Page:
Children’s literature provides a wonderful method for teaching and discussing green living practices. A plethora of great literature exists on the topic of gardening, my family’s favorite application of green living that promotes healthy eating. Gardening is also a great theme for preschool and primary curriculums. The following five books are amongst our favorites that serve to motivate and educate children about gardening.
A Handful of Sunshine by Melanie Leclare
This delightful gardening book follows the life of a gigantic sunflower grown by Tilda. Real photographs of Tilda’s sunflower growing experience accompany the text of A Handful of Sunshine. I particularly like Tilda’s sense of style with her rubber boots and striped sweater, as she digs and plants in the garden. She climbs a ladder to reach her sunflower head and discovers a toad in the garden. In the end, she saves the seeds from the sunflower she grew to plant next season. The end page of the book shows a simple time line in the life cycle of a sunflower. Tilda starts planting in March, which may be too early for some northern locations. Planting sunflowers after reading A Handful of Sunshine is a natural extension of this great gardening book for children.
The Carrot Seed by Ruth Krauss and Crockett Johnson
The Carrot Seed has just celebrated its 60th anniversary! This simple, almost Zen-like story tells of a young boy’s determination to grow a carrot, despite his family’s doubts and opposition. The little boy tends the seed, ever patient, keeping his expectations high. In the end, he is rewarded with a carrot so large, it has to be hauled with a wheelbarrow. Not only does this book teach the basics of growing a plant from seed to harvest, but also children learn how to persist in the face of opposition. It is unfortunate that the boy’s parents are not supportive of his efforts, but the boy triumphs in the end. Crockett Johnson’s simple illustrations, reminiscent of his other famous work Harold and the Purple Crayon, match this minimalist tale of gardening and positive attitude. Planting carrot seeds, especially in a root viewer, is a great extension of the story in the classroom.
How Groundhog’s Garden Grew by Lynne Cherry
How Groundhog’s Garden Grew is a wonderful book about gardening, and we are thankful to have received it from our midwife! The story begins with Groundhog stealing food from his friend’s garden, which of course leads to trouble. His friend Squirrel steps in to help teach Groundhog how to grow his own garden. Squirrel teaches him how to cut potatoes for planting, find seeds, space plants, etc. By the end of the book, Groundhog’s garden is bountiful, and he celebrates with a feast of thanks for all his friends. Lynne Cherry’s illustrations are detailed and realistic, something that is often missing from children’s books that try to create cutesy animals to entertain children. How Groundhog’s Garden Grew is also full of very useful information about gardening, and as one reviewer wrote, "It would be impossible for a child to hear this story and not learn something of vital importance, about everything from the complicated interdependence of the natural world to the simple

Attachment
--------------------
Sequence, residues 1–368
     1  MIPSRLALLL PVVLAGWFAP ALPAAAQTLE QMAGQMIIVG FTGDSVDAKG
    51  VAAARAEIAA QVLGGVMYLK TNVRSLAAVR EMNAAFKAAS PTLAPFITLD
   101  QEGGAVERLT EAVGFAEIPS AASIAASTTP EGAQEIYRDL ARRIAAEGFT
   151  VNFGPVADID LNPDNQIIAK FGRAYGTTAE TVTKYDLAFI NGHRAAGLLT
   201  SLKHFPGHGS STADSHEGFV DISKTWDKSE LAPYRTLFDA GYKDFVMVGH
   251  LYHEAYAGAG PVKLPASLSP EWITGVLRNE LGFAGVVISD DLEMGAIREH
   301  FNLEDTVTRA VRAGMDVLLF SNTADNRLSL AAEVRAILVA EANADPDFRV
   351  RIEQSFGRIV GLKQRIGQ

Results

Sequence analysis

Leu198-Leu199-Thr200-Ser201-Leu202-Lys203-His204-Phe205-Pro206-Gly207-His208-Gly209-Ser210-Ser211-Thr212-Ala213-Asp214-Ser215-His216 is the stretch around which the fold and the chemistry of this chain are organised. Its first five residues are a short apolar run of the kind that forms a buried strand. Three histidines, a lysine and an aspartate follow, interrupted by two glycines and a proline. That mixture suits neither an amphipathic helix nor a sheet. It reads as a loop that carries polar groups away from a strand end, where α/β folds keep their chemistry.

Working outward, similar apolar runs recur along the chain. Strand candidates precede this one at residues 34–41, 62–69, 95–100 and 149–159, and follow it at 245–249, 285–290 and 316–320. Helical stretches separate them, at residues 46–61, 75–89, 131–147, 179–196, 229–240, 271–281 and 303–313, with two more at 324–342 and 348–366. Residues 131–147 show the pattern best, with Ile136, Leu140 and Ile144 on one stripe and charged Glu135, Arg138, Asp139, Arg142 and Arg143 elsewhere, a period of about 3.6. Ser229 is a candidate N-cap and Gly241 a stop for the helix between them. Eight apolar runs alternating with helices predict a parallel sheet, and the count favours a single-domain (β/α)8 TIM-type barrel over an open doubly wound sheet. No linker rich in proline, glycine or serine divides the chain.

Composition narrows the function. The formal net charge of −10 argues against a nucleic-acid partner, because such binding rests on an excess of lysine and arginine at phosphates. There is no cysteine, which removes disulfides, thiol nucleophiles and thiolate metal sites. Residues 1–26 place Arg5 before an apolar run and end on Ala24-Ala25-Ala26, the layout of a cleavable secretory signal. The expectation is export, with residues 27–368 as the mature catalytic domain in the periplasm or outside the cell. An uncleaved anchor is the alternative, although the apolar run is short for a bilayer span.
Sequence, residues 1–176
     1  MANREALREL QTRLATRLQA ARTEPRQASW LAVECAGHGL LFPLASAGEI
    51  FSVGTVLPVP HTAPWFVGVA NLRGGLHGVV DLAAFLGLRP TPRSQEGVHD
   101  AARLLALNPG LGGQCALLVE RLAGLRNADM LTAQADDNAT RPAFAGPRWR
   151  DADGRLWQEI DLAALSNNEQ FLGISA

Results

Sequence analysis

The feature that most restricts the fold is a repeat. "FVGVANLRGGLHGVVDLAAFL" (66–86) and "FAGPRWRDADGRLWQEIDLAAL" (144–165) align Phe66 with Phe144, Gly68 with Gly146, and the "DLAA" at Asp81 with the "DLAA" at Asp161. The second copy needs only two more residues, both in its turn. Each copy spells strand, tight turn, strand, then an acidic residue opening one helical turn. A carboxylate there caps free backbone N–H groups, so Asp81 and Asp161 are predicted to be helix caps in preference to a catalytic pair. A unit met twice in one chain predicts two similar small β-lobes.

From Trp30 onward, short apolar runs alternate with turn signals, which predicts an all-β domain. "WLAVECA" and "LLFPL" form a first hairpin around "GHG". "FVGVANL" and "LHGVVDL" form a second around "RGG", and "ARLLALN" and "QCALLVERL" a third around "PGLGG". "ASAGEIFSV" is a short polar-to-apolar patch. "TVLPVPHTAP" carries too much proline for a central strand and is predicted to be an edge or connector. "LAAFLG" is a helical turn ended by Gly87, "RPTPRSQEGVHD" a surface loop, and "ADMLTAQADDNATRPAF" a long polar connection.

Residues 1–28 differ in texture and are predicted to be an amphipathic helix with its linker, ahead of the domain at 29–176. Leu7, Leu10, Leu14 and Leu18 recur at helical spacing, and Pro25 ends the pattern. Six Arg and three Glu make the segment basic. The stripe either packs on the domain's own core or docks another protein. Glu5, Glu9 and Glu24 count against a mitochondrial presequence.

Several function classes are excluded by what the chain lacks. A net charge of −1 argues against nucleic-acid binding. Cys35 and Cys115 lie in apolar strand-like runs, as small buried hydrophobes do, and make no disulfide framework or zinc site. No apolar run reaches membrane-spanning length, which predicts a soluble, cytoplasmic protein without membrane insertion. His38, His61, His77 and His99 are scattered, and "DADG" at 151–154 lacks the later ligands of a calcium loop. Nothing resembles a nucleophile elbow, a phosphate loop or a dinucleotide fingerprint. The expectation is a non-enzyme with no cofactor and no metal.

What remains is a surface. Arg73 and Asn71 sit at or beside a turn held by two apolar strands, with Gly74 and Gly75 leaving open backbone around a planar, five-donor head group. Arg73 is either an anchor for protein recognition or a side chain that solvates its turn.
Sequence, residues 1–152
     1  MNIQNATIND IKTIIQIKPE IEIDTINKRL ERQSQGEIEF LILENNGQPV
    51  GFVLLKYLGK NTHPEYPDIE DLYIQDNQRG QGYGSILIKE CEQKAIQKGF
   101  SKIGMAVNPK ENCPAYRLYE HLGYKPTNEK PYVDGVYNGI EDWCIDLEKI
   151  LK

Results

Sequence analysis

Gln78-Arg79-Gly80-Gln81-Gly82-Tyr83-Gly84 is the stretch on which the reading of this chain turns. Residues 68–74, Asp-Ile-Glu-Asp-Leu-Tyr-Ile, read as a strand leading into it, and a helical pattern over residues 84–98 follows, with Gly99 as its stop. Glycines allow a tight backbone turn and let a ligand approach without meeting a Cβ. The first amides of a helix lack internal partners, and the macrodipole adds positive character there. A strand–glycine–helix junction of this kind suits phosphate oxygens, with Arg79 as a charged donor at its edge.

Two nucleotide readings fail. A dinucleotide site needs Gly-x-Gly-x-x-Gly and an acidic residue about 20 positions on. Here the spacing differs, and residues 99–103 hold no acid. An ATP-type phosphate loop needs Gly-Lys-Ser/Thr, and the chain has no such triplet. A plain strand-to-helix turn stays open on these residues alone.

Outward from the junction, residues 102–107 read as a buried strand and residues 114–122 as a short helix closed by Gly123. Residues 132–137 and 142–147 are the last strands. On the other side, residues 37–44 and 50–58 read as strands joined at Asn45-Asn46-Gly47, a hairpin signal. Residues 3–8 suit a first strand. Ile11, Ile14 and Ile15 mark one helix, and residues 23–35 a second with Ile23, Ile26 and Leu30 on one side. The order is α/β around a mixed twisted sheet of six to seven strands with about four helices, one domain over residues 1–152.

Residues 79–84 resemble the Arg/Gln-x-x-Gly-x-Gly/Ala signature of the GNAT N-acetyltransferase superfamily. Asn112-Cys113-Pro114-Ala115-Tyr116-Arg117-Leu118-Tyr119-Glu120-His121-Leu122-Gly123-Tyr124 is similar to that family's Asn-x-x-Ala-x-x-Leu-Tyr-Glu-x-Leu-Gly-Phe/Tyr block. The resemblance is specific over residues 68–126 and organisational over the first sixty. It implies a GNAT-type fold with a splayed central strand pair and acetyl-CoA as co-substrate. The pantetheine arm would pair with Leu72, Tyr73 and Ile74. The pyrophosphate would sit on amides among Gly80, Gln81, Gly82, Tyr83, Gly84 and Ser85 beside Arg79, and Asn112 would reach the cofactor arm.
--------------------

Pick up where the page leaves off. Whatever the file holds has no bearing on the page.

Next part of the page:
effectiveness of composting and going pesticide-free. Parents be forewarned: It’s also probably impossible to read this book and not have your child want to plant a garden." How Groundhog’s Garden Grew leaves the readers feeling good and learning important lessons about community participation and sharing, as well as gardening!
Growing Vegetable Soup by Lois Ehlert
One of our favorite things to make from our garden is vegetable soup, and Lois Ehlert’s book is perfect to read before this activity. Graphic images illustrate the text about the entire process from seed to the cooking pot, helping children make the connection between the food they eat and the garden/farm. The artwork is somewhat abstract, so this book may not be the best choice if your goal is to teach children what plants actually look like. However, children familiar with gardening and plants will enjoy this tale and its accompanying recipe for vegetable soup. The simple, bold illustrations do provide a model for creating gardening based art with children.
Little Yellow Pear Tomatoes by Demian Elaine Yumei and Nicole Tamarin
Little Yellow Pear Tomatoes comes from my favorite children’s literature publisher Illumination Arts. In this book, a little girl marvels at the circle of life in her little yellow pear tomatoes. She says, "Everyone and everything-my daddy, my mommy, bugs and worms, clouds and sky, lakes and rivers, the sun and stars-are parts of the tomato you cannot see. Take away any one, and the little yellow pear tomatoes in my garden could not be." This book takes its inspiration from the author’s little girl and Zen master Thich Nhat Hanh. The interconnectedness of life is the theme of Little Yellow Pear Tomatoes, as the book is very thought provoking for children and grown ups. This is my favorite book of the five, and I can never look at the yellow pear tomatoes in my garden the same after reading this book.